Sports brand Adidas has closed down its wearable hardware unit, electing instead to focus on producing sports and fitness software under both its Adidas brand and as Runtastic, the fitness tracking startup it acquired in 2015.
Despite its strong brand, Adidas had struggled to find market traction for its products, including a 'fitness smartwatch' called the miCoach Smart Run and the miCoach Fit Smart tracker. Like both Nike and Microsoft, the firm will now abandon wearable production and instead focus on software platforms for athletes and fitness enthusiasts.
The change was hinted at last year when Stacey Burr, vice president of wearable sports electronics at Adidas said that consumers were "not going to see a new running watch from Adidas for a while".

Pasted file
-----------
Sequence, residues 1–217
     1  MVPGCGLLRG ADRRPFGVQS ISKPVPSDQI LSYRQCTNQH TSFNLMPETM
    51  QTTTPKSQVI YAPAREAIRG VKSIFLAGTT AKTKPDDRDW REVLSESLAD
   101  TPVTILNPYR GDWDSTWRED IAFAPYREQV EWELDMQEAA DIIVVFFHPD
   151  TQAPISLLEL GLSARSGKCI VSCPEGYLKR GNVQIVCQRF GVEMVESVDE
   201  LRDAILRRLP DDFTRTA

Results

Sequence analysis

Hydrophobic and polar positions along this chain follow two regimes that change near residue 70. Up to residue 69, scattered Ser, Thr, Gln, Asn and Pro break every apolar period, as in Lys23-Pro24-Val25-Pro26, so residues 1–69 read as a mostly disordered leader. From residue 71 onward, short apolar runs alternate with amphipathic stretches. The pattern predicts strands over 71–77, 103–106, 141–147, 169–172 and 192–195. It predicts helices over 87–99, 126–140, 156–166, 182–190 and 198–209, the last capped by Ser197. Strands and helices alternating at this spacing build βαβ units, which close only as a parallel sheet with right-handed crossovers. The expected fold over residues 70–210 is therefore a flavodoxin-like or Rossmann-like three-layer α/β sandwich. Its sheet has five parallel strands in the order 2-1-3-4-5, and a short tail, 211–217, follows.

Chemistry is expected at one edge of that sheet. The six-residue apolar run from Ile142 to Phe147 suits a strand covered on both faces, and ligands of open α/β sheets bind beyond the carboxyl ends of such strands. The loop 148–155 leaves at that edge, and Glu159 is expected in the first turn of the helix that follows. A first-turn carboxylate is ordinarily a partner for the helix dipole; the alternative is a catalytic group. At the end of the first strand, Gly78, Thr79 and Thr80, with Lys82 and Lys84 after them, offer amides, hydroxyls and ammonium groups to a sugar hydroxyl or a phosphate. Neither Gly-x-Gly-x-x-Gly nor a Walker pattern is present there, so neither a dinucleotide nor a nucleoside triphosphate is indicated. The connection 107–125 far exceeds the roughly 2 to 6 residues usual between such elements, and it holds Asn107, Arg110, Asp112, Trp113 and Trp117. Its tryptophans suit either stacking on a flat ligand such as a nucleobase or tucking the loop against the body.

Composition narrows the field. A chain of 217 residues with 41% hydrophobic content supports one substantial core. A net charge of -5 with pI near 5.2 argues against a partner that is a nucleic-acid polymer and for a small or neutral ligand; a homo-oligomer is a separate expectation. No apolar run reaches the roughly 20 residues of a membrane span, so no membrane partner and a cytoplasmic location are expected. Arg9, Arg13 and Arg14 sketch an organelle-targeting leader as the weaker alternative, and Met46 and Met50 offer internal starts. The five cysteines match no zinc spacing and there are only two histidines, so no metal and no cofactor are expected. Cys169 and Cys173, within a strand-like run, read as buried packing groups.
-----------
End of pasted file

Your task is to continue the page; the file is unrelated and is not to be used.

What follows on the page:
Rumours from earlier this year of a fitness tracker called the Chameleon never materialised, and Adidas' sole remaining wearable hardware project seems to be a branded edition of Fitbit's Ionic smartwatch. However, even here, Adidas' input seems to be rather minimal.
"To further drive our digital transformation and win the consumer in this dynamic business environment, we've redefined our strategic approach toward digital, sharpening our focus on digital experiences," said an Adidas spokesperson in a statement on the change.
"We will consolidate running a stand-alone digital sports organisation and consolitate the Adidas app eco-system, focusing our efforts on two powerful brand platforms: Runtastic and the Adidas app. We are integrating digital across all areas of our business and will continue to grow our digital expertise in a more integrated way."
The sportswear brand recently launched a new edition of its mCommerce app, which provides consumers with easy access to the Adidas online store, as well as blog posts, personalised articles, videos and real-time updates about sports, athletes and products. The company has plans to increase sales through its own eCommerce platforms to €4bn (£3.54bn) by 2020, compared with €1bn in 2016.